Maria Lassnig Prize Awarded to Atta Kwami

From 29 October 2020

Serpentine Gallery, London, UK

The Maria Lassnig Foundation and the Serpentine Galleries are delighted to announce that the 2021 Maria Lassnig Prize is awarded to UK-based Ghanaian artist Atta Kwami

The Maria Lassnig Prize is awarded biennially to a mid-career artist in association with an international institutional partner. Atta Kwami is the third artist to be granted the Maria Lassnig Prize, following Cathy Wilkes, in partnership with MoMA PS1 (2017), and Sheela Gowda, in partnership with Lenbachhaus, Munich (2019).

The artist will receive a major grant of 50,000 euros and a project with Serpentine Galleries, the institutional partner for the 2021 Maria Lassnig Prize. The Serpentine Galleries presented a solo exhibition of Lassnig’s work in 2008. Kwami was selected by a jury comprising the Serpentine Galleries, the Maria Lassnig Foundation, the former partnering institution Lenbachhaus and the artist Albert Oehlen.

Atta Kwami’s project with Serpentine – a comprehensive monograph publication and a public art commission – will be launched in 2022.

Atta Kwami

Atta Kwami (b. Accra, 1956) is a painter, printmaker, art historian and independent curator based in Loughborough, UK. Kwami is known for paintings, murals and kiosk-sculptures that are conceived as expanded three-dimensional paintings, incorporating his signature use of colour and abstract painting style. His works play with the colour and form improvisations that are distinctive of Ghanaian architecture and African strip-woven textiles, especially kente, made famous by his culture the Ewe and Asante of Ghana.

Kwami is part of the forthcoming Folkestone Triennial 2020 (postponed to 2021) and is designing a triptych of large stained-glass windows for the new Ghana National Cathedral in Accra designed by Sir David Adjaye OBE.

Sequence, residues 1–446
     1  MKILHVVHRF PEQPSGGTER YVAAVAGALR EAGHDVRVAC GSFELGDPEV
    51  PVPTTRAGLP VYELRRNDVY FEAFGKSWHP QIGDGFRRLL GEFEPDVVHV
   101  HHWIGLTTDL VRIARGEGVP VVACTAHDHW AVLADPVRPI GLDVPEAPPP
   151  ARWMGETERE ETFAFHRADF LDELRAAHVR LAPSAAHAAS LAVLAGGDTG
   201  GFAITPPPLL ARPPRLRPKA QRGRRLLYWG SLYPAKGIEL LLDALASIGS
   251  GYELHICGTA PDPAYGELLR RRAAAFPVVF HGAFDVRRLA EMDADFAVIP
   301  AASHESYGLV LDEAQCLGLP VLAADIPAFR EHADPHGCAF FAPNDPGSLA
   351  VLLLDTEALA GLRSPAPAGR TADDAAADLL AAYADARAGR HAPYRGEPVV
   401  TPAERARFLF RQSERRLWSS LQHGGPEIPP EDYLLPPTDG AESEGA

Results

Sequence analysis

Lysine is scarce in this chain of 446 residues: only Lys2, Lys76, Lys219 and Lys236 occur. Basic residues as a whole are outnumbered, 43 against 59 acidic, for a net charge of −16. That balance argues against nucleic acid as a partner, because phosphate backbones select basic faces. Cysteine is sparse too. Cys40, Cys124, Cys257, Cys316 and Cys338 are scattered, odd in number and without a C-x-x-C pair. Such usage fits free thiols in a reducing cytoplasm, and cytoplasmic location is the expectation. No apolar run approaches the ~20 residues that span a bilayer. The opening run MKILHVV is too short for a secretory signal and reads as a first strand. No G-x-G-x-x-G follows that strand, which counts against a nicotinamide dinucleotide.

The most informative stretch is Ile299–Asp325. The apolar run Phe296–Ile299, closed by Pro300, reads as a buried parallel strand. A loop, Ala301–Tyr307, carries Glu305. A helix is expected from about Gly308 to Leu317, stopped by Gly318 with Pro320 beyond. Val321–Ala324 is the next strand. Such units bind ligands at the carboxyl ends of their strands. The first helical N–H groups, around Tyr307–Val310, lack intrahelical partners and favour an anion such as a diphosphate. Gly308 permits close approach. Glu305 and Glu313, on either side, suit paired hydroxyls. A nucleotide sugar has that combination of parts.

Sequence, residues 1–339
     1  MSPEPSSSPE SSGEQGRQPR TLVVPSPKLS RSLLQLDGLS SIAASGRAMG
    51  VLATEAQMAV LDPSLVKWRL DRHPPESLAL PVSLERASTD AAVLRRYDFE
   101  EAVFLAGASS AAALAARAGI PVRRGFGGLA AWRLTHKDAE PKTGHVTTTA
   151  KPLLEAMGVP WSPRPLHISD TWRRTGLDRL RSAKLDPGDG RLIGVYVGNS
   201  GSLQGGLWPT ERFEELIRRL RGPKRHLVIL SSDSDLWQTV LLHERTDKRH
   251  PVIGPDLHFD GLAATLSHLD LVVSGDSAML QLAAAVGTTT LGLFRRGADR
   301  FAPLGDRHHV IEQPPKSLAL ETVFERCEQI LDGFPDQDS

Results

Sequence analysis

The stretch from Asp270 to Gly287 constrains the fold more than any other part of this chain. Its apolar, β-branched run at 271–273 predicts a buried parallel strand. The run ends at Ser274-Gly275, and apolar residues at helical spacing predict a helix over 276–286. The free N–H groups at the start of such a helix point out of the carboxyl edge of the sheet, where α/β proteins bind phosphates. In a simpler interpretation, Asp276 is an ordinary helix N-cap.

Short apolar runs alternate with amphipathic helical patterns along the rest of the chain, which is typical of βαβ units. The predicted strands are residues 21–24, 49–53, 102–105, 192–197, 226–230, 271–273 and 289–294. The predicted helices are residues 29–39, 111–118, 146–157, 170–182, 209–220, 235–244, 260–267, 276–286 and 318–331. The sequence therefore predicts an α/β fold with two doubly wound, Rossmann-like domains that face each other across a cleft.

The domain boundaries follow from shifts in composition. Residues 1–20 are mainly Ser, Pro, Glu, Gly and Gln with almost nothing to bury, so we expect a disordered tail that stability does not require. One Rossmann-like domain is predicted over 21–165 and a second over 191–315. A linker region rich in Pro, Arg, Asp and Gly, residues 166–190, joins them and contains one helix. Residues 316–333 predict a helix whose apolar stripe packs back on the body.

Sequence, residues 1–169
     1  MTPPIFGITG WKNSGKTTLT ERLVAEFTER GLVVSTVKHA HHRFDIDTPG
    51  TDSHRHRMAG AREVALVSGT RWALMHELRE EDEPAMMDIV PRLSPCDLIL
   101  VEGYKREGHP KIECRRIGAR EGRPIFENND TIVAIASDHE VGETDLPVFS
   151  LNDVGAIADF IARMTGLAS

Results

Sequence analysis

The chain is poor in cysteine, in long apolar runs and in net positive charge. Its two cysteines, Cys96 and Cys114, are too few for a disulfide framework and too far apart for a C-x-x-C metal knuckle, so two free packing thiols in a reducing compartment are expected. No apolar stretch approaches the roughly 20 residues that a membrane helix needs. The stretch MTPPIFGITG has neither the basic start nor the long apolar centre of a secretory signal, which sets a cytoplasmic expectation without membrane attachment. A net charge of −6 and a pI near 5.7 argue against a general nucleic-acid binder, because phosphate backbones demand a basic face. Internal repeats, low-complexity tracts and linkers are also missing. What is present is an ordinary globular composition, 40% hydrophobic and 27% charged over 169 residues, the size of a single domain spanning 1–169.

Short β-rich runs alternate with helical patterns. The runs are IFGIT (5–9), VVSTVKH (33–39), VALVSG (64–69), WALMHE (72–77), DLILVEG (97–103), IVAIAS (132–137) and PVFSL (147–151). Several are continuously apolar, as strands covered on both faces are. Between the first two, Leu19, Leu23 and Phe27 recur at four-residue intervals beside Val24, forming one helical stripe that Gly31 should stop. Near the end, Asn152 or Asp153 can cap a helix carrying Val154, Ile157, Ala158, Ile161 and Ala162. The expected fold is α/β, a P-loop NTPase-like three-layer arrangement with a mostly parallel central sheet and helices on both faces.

Maria Lassnig Prize

The Maria Lassnig Prize was originally envisioned by pioneering Austrian artist Maria Lassnig before her death in 2014 at the age of 94, at height of her artistic career. Having achieved recognition only later in life, she hoped to encourage the efforts of artists not yet familiar to the public. Each prize granted in her name carries an award of 50,000 euros and a project organised by a designated institution that has collaborated with the Foundation and a selection committee to choose a winner. In 2017, the inaugural year Cathy Wilkes was awarded the Prize accompanied by an exhibition at the institutional partner MoMA PS1, New York, in 2019 Sheela Gowda was awarded the Prize and exhibition at Städtische Galerie im Lenbachhaus und Kunstbau München.

Atta Kwami, Loughborough, Autumn 2020: ‘I am proud to be associated with Maria Lassnig’s legacy. Her late recognition requires us to look again at so many artists whose life work has been overlooked or undervalued. Her formidable and wide-ranging body of work shows that she was an individual who pushed herself to her limits, without the critical recognition to guide her on.

The Maria Lassnig Prize 2021 is completely unexpected. I am very happy it has come at this stage of my life. I shall always be humbly grateful for all the people who have supported me; my mother, my wife, my galleries and my friends both inside and outside Ghana. I am glad for myself and for Ghana.’

Image: Atta Kwami Portrait. Photo by Pamela Clarkson. (2019)